I just came across a video that was also shared on Facebook, that claims that a recent US Department of Agriculture study found that 10% of food stamp purchases go to soda, or $8.5 billion annually. They also say that

the #1 item purchased through food stamps (SNAP) is soda.

Is this true?

  • 42
    As soda is often the cheapest drink sold, cheaper than bottled water, why would that be strange?
    – Agent_L
    Jan 18, 2017 at 9:49
  • 13
    Concerning Soda vs bottles water: how drinkable does tap-water tend to be in the US?
    – Layna
    Jan 18, 2017 at 12:16
  • 2
    Does anyone know what's the "street" cash-rate for food stamps? In Education of a Speculator Niederhofer (quoting some hobo) gives 50% but that sounds very profitable for the buyer. Jan 18, 2017 at 13:14
  • 12
    @Layna entirely drinkable if by "drinkable" you mean potable. If you include aesthetic factors like temperature, taste, amount of sugar and carbonation, your results will vary. Jan 18, 2017 at 13:58
  • 15
    @Layna If you live in Flint Michigan, "not very". Some reports put the quality at ~90% in compliance with EPA standards, but unregulated chemical contamination is widespread. Some people are fine with tap water, and some are very concerned about it - and some people have good reason to be concerned, whether they are or not. You could say "it's complicated".
    – BrianH
    Jan 18, 2017 at 18:35

1 Answer 1


TL;DR: Some parts of the claim are true, some are false. The first version of a New York Times story on this report contained an error, which seems to have spread (although the NYT story has been updated with the correct number).

Soft drinks were the #1 ranked individual commodity purchased by SNAP households in a 2011 dataset of SNAP transactions at one US grocery retailer (compared to #2 among non-SNAP households), but they constitute 5% of SNAP expenditures (compared to 4% in non-SNAP households), not 10%.

The $8.5 billion number is not accurate. A better estimate would be about $3.86 billion for 2011 (5.44% of $71 billion in SNAP benefits redeemed), if the spending patterns at this one grocery retailer generalize to all SNAP spending. I don't know where the $8.5 billion number came from, it's not in the NYT article.

Here is the USDA report. Note that although the report is from 2016, the data is from 2011. Also, it is based on a dataset from a single grocery retailer; it includes $6.7 billion worth of SNAP household expenditures from that year, less than a tenth of the > $71 billion total SNAP benefits redeemed that year. The dollar amounts in the tables below show the dollar amount of transactions in the dataset, not of all SNAP transactions that year.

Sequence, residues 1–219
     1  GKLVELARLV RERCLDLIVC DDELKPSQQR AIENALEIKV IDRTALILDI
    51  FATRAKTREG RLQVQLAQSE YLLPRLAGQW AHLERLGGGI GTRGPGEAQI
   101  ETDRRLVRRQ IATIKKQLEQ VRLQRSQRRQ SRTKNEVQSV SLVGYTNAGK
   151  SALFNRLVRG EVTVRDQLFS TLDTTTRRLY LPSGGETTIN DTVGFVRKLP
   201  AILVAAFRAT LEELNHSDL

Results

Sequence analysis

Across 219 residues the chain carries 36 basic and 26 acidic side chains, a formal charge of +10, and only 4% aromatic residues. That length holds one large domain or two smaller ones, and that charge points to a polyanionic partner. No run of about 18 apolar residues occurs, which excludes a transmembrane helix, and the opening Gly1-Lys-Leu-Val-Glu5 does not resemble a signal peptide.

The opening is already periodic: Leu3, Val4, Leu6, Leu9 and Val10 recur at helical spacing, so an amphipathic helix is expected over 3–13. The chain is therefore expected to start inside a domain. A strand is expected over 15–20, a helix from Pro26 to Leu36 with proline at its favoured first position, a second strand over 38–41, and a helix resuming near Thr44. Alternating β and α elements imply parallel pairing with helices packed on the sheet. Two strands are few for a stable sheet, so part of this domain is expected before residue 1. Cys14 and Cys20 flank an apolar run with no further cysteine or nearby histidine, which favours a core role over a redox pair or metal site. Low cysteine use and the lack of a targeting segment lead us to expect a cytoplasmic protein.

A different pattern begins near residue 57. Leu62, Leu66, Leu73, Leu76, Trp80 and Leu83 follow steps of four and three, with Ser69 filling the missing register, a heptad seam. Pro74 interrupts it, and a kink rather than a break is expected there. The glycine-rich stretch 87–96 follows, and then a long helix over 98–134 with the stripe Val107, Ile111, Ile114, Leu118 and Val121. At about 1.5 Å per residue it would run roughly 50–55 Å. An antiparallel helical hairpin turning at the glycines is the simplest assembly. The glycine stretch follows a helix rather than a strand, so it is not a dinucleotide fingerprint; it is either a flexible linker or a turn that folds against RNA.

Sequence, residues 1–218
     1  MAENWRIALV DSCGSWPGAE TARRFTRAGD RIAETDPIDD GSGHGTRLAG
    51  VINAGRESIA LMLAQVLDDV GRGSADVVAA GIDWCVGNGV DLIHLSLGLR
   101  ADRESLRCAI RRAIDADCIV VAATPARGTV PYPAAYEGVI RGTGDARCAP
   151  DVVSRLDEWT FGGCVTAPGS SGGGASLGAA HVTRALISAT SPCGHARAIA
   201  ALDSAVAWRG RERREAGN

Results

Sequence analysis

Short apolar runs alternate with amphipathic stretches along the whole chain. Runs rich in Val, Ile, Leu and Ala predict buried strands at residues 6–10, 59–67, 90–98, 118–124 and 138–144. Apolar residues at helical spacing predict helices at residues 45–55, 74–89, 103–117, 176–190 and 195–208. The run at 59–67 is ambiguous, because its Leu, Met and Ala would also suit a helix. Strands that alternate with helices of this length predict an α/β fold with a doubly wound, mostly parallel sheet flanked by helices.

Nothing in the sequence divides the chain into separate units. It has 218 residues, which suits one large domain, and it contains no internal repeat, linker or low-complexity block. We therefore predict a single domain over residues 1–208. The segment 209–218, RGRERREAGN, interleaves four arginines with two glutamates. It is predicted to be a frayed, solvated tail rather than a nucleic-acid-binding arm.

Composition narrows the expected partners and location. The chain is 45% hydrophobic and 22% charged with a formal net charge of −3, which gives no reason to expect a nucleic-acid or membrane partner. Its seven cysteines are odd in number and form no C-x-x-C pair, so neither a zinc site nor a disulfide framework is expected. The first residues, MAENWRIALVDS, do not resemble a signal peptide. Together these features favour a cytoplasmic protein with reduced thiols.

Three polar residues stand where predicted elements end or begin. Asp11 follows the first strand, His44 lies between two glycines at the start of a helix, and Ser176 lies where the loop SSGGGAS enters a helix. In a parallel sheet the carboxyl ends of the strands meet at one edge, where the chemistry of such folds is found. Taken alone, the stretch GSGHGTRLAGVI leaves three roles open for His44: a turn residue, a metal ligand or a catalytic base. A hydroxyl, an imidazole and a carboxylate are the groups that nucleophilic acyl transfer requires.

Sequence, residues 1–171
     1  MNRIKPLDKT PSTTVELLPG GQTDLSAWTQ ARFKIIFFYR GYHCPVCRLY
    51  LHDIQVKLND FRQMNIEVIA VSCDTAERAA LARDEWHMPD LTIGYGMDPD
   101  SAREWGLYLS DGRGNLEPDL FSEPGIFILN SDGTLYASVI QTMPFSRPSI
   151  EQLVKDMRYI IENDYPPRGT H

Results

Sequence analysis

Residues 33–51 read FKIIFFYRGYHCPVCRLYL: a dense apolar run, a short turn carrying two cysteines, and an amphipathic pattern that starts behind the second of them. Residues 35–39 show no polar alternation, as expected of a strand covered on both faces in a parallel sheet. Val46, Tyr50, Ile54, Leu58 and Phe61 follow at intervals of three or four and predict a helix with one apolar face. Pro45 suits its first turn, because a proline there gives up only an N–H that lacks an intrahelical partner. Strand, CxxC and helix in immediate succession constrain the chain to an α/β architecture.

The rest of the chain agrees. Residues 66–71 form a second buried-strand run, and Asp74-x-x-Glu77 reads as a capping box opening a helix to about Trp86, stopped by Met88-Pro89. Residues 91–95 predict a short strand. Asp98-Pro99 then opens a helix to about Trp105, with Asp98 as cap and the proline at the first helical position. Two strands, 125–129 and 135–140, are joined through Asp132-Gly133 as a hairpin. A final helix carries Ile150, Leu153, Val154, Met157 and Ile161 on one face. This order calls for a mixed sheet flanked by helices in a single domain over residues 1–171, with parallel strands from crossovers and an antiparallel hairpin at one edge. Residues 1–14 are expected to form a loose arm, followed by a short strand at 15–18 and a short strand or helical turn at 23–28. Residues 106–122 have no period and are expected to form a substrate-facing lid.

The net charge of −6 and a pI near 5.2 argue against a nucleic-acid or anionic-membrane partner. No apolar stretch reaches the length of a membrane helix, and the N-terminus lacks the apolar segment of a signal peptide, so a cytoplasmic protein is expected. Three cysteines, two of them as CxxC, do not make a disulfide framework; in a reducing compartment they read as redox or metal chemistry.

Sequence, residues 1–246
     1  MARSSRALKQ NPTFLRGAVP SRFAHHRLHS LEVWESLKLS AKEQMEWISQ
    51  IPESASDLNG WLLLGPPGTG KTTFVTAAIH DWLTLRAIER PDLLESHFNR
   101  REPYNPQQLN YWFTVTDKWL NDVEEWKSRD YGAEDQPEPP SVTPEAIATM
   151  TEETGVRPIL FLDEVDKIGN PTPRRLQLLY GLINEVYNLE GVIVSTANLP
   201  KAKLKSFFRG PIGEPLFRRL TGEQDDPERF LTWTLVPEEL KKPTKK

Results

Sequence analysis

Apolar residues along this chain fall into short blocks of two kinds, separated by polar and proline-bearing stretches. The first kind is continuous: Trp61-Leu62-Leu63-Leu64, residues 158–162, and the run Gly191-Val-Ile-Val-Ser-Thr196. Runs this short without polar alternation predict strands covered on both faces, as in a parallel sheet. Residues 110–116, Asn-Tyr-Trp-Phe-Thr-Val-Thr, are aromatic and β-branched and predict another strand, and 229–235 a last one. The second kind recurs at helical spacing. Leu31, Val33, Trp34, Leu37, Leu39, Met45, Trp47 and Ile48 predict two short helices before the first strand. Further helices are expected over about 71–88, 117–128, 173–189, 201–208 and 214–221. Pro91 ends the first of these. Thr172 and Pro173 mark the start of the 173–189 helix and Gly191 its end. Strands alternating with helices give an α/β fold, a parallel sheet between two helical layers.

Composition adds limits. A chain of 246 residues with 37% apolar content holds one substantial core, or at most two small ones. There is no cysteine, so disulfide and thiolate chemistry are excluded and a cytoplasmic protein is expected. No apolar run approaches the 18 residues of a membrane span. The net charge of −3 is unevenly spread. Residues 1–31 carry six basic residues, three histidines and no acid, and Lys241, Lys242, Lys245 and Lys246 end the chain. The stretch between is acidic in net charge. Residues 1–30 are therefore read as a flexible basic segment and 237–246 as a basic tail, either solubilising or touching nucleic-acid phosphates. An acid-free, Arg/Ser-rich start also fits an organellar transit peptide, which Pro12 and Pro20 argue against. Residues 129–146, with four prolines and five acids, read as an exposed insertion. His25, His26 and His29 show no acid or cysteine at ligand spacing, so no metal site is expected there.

The report says:

Across all households, more money was spent on soft drinks than any other item. SNAP households spent somewhat more on soft drinks than non-SNAP households (5 versus 4 percent).

It also notes that 9.3% of SNAP expenditures are on "Sweetened Beverages", a broader category which also includes many beverages not considered "soft drinks": juice drinks (containing 50% juice or less), juice blends and smoothies, sports and energy drinks, sweetened instant tea and hot cocoa mixes, and similar items (see report, appendix B-19, B-20). (Compared to 7.1% in non-SNAP households.) "Sweetened Beverages" is the #2 category by expenditures among SNAP households.

Also see the following tables, which compare the top food items and top food categories purchased by SNAP and non-SNAP households:

Table 5

Table 6

The erroneous 10% number seems to have come from the New York Times, who in a January 13, 2017 story In the Shopping Cart of a Food Stamp Household: Lots of Soda mistakenly wrote:

The findings show that the No. 1 purchases by SNAP households are soft drinks, which accounted for about 10 percent of the dollars they spent on food.

The error was pointed out on Twitter. The current version of the NYT story has the correct 5% number. A correction notice at the bottom of the article says:

Correction: January 18, 2017

An article on Saturday about the grocery spending habits of households receiving food stamps misstated the portion of spending used to purchase soft drinks. Households receiving food stamps spent 9.3 percent of their bills on “sweetened beverages,” a category that includes soft drinks, juices, and energy drinks, among others; they did not spend that percentage on soft drinks alone.

Some more criticisms of the NYT reporting on this story can be found here, here, here, and here.

  • 2
    mind that many people consider all non-alcoholic drinks "soft drinks", so the 10% number using that criteria might actually be low as the 9.3 you mention doesn't include things like coffee, milk, and bottled water.
    – jwenting
    Jan 18, 2017 at 6:58
  • 12
    @jwenting The claim in the question is about "soda". Who calls coffee, milk, and bottled water "soda"?
    – ff524
    Jan 18, 2017 at 7:00
  • 2
    @Nzall maybe, but many people don't separate them when talking "soft drinks" so would take the total of them all. That's my point...
    – jwenting
    Jan 18, 2017 at 9:00
  • 7
    @jwenting What "many people" would do is not the point of this question. This question asks: "a video on facebook claims that a report of the DoA found that 10% of food stamps purchases are soda. Is this factual?" It does not matter what most people consider soda, it matters what the DoA report considers soda.
    – Nzall
    Jan 18, 2017 at 9:08
  • 6
    @Nzall I think it does matter whether the definition used in the DoA report matches up with what the video author and the people spreading the claim on facebook consider soda and what they are trying to cause people who see the claim to believe about food stamp recipients' spending habits, so "what most people consider soda" is absolutely relevant.
    – Random832
    Jan 18, 2017 at 16:00

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